May 18, 2016

Mount Lafayette

The date for our Presidential Traverse is drawing nearer, and with that, Katy and I are working on our hiking training missions. Last week, I planned a hiking trip with Brian to go up the classic Franconia Ridge loop over Mount Lafayette and Mount Lincoln. Given our schedules, Sunday was the only day that would work. We've had good weather lately, so I didn't think weather would be an issue. However, this early in the season, I knew we would have to be prepared for potential spring snow and ice so would need the appropriate gear. As the hike drew closer, we had been monitoring the weather forecast in Franconia Notch and noted that it called for a fairly dreary day with chilly temperatures and rain. It didn't matter to me - the hike was still on.

The day before the hike, I checked the Mount Washington Observatory's Higher Summits Forecast. Even though we weren't going up Mount Washington and Franconia Ridge is a little ways away, it would still be a pretty good indicator of what we would experience above treeline. The forecast called for temperatures in the 20's, 50-70 mph winds, and a couple of inches of snow. I talked it over with Brian and we decided to stick with the plan, but vowing to make good decisions once we decide to go above treeline. It was 80 degrees and sunny in Massachusetts while we were talking, but I packed up my full winter gear, hats, gloves, microspikes, etc. in preparation for the hike the next day.

Per our usual routine, I met up with Brian at the Park and Ride in Nashua, NH at 6AM. It was cool but nice out at the time with skies mostly clear in southern NH. We continued on together to the trailhead in Franconia Notch where conditions were different. Temperatures were in the 40's and raining with low clouds/fog as we geared up for what was sure to be an interesting day. As we started our way up Mount Lafayette in the rain, we couldn't help but talk about a 2004 backpacking trip that we did with our friend Bob where we hiked up this very same trail and it just down poured on us the whole day. Will this hike be a similar experience?

Lafayette is a big mountain but Old Bridle Path is a trail that sees significant traffic and trail maintenance and is fairly steady in steepness all the way. We moved right along taking almost no breaks. The rain continued to come down, but after only about a mile or so, it changed to snow. The snowfall was actually a welcome change as you are less likely to get soaked through. We continued on, passing several large groups coming down that had clearly stayed overnight in Greenleaf Hut. Several people expressed their disbelief that we were actually going up the mountain and not down. "You just couldn't stay away huh?" said one. "It's going to be pretty windy up there today you know." said another. My favorite comment was from one of the kids in a boy scout troop that was coming down from the hut: "Woah! These guys are actually going up!!"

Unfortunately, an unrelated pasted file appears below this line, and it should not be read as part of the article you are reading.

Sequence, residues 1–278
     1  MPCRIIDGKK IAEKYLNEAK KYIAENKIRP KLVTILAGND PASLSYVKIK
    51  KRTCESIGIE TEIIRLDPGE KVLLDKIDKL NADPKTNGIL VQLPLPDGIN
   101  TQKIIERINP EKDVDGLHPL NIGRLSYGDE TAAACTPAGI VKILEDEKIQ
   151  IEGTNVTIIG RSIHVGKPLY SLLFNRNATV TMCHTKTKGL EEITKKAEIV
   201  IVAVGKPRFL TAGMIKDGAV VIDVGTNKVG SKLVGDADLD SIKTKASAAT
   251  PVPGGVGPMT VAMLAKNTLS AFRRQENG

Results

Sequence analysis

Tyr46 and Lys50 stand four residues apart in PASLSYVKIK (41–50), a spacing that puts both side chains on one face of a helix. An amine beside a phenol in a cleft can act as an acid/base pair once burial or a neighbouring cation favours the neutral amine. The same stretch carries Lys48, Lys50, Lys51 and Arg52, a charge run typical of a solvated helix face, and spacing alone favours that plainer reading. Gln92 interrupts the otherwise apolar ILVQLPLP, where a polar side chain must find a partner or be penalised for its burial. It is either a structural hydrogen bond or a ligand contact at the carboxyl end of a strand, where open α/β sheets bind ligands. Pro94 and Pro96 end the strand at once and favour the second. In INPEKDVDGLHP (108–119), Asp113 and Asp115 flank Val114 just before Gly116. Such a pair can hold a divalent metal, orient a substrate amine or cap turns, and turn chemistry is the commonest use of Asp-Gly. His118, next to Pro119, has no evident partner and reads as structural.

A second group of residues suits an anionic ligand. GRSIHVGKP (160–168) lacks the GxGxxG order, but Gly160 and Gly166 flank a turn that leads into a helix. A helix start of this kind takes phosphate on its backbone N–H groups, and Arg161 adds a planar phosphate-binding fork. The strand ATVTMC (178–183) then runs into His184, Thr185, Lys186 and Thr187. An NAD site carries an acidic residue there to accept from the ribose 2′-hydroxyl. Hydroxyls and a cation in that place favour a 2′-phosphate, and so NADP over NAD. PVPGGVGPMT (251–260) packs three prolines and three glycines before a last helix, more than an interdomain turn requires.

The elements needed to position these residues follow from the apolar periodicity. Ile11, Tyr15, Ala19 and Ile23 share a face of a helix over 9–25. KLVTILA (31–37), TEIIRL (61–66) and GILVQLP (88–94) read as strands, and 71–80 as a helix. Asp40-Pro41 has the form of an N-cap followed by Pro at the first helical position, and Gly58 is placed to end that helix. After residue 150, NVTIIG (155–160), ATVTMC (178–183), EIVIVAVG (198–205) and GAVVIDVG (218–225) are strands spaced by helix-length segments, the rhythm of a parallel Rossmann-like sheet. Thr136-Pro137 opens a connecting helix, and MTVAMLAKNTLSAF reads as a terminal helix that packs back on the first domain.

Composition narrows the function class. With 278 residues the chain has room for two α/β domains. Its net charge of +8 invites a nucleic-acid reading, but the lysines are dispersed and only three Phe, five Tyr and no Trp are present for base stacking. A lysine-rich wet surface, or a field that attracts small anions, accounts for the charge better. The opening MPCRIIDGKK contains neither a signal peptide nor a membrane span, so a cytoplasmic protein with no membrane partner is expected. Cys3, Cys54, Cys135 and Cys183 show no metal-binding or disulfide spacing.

By the time we made it to Greenleaf Hut, it was full blown winter. Snow was falling at a decent clip with about an inch of fresh snow that had accumulated and it was cold. There were a couple patches of ice just before the hut, but it wasn't significant enough for us to put on our microspikes. We ducked into the hut for a quick break and to have a snack. At this point, we had to make a decision. Do we go above treeline and head to the summit of Lafayette? Should we do the full loop and hike exposed across the ridge to Lincoln? There was no question that danger could lie ahead, but we were prepared and opted to head to the top of Lafayette and make a decision about the ridge from there. We put on all of our layers, hats, and gloves, and were about to head off. But wait! Brian packed two hats instead of a hat and gloves! Well for some reason I decided to pack an extra pair of gloves. Crisis averted. Into the blizzard we went.

Heading up from the hut was cold, snowy, and windy, but the wind was at our backs which made it not bad overall. Visibility was low but not full whiteout as we were still always able to see to the next cairn. As the summit drew closer, conditions became very severe. The wind really picked up speed and it became more difficult to navigate. We made it to the summit but were in universal agreement that we would not do the walk across the ridge and would instead head straight back down. On the hike back down to the hut, the wind was directly in our faces and it was very cold. With a few inches of fresh powder on the trail, though, we were actually able to make really good time and we booked it back to the hut. As the hut drew closer, the wind gradually lessened as we escaped the unforgiving Alpine Zone.

We took another break at the hut, before heading back down the way we came all the way to our car. It rained, it snowed, it was cold, it was windy, but this was a fun hike. I love summer hikes with clear skies, and perfect views, but it's only a hike like this one where you can fully experience all that these mountains have to offer.

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